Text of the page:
As you can see, based on what was reported in the RTIGF, there were no unique allleles from Amanda. Where a minimum of 50 RFU is enforced from the egram (Col C), there are three alleles unique to Amanda. As 50 RFU is the limit Stefanoni adheres to, this is the most incriminating result one can reasonably argue. And I'm sure even Balding would tell you (as he already has) this is NOT evidence of Amanda's profile on the clasp.

http://www.internationalskeptics.com...ictureid=12295

In case you're confused on how to interpret this...

Consider locus D8S1179 (Amanda profile: 11, 12)

The RTIGF reports 13, 15 & 16 so no alleles match Amanda's profile and so under Col A for this loci the two boxes are not highlighted.

Per the egram, 12,13,14,15 & 16 are all above 50 RFU and so under Col C for this loci the box with 12 is highlighted (allele 12 is in Amanda's profile and this interpretation of the egram), 11 is not.

If either 11 or 12 was found in Meredith, Raffaele or Guede's profile then those boxes would be highlighted with the correct color. In this case, 12 is not in anyone else's profile so it's unique to Amanda and is highlighted as white on black.

There is far more information to consider than just this. For example, in the Vinci report, regarding this particular locus he writes;

"D8S1179: a profile 13, 15, 16 was attributed to the trace. Alleles 12 and 14 (RFU> 50) were omitted. The 12 allele having an area of 689 (less than 15% of the area of ​​the neighboring main peak (6239) could have been considered a stutter of the main allele 13 (the percentage of stutter for these small ones varies from 3 to 8% as reported by the manufacturer). This eventuality can not excluded but, in the presence of no more DNA present in the mixture at a concentration of about one tenth compared to the component greater, a stutter band is absolutely indistinguishable from a true allele that should have been attributed. For the 14 allele of the assessment (469 ie at least 45% of the peak area 15 next , (1171)) shows that this peak is not considered in the analysis has a higher percentage of 15% (if we consider the definition stutter band) and therefore must be considered in all respects effects a definable allele and attributable in the mixture."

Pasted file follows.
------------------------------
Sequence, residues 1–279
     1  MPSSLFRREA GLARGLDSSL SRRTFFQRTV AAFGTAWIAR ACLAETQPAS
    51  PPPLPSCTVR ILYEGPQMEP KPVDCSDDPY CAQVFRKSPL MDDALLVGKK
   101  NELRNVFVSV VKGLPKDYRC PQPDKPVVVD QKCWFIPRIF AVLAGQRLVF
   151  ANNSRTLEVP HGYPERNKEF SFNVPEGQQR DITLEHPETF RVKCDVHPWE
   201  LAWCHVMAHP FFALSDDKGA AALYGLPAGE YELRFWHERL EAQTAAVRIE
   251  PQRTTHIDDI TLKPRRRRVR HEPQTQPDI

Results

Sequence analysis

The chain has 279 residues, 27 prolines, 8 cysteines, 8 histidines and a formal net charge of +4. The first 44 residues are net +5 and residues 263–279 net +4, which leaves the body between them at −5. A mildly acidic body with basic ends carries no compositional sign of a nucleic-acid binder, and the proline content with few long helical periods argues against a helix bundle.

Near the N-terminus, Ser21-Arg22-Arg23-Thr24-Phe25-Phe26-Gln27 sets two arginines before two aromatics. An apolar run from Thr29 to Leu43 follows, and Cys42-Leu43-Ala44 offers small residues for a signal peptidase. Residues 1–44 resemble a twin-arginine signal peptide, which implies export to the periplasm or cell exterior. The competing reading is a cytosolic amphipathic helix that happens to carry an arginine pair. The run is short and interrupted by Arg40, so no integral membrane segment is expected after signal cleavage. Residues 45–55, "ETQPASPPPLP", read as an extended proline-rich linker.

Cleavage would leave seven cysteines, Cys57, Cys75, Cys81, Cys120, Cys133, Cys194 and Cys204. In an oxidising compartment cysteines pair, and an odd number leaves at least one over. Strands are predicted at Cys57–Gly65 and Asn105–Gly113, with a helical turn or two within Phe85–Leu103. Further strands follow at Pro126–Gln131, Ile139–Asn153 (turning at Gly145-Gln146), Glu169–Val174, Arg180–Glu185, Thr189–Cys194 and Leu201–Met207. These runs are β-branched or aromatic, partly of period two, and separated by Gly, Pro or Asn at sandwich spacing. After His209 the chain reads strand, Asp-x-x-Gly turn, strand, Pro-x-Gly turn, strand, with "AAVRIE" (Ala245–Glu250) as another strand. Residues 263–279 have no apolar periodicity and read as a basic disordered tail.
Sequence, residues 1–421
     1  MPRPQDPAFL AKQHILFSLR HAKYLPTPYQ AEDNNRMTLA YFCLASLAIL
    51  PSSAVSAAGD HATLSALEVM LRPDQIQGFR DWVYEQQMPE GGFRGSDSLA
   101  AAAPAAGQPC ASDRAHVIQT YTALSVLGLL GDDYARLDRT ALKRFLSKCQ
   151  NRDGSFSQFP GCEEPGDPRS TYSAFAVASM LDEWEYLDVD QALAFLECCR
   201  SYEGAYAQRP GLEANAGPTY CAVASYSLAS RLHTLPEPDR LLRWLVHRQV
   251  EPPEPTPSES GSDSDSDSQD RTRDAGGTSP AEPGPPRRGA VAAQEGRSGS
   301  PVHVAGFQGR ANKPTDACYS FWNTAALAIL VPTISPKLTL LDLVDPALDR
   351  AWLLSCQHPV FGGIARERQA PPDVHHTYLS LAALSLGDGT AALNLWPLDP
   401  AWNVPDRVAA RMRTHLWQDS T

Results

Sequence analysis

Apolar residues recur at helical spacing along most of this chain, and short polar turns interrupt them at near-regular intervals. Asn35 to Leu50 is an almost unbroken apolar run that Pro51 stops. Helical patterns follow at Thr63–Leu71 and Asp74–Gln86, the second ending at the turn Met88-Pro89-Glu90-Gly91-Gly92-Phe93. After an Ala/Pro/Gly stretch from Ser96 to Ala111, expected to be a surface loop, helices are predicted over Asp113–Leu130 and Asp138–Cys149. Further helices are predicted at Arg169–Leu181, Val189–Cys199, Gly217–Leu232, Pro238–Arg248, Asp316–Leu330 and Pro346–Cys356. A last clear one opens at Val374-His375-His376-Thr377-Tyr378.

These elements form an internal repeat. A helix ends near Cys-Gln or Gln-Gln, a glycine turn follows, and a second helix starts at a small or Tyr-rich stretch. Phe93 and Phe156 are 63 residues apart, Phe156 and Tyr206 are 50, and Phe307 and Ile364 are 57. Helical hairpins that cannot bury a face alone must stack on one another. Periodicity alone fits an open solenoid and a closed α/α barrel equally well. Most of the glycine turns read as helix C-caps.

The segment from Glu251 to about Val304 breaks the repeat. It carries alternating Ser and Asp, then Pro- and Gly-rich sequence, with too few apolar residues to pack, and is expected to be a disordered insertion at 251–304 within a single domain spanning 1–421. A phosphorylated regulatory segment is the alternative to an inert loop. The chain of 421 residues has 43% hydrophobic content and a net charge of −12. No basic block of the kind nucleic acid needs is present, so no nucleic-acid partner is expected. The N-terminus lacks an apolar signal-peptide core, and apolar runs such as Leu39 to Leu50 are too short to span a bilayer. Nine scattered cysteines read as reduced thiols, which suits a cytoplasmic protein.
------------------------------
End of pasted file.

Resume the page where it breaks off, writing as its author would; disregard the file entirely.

So even though in the more liberal interpretation of the egram we see allele 12 appear, based on it's relative low RFU, it's reasonable to consider this stutter.

I can't wait to see The Machine's presentation. That should really push his creative writing skills to the limit.


Exactly.

And it's not just those alleles that (according to one's interpretation* of the eGram) might be present at any given locus - it's also those which are not present.

For example, at D7S820, if Knox's DNA were indeed present on the sample we would expect to see a peak at allele 9. But no such peak is present. This in itself is good evidence for the absence of Knox's DNA on the sample. And there are several other similar instances from that chart.


* Uninformed/uneducated pro-guilt commentators also seem to believe that DNA analysis is a "black and white" matter, where there's no room for subjectivity or operator bias. But of course that's nonsense, especially when one is analysing a) samples near or below the low-template range, and/or b) samples which contain admixtures of DNA from several contributors. In the case of the bra clasp, both these things are true. In these circumstances, it's vital that analysts guard strongly against subject-centric identifications, and it's equally vital that analysts are rigorous in their interpretation of true peaks from stutter and other noise. Not-a-real-doctor Stefanoni did neither......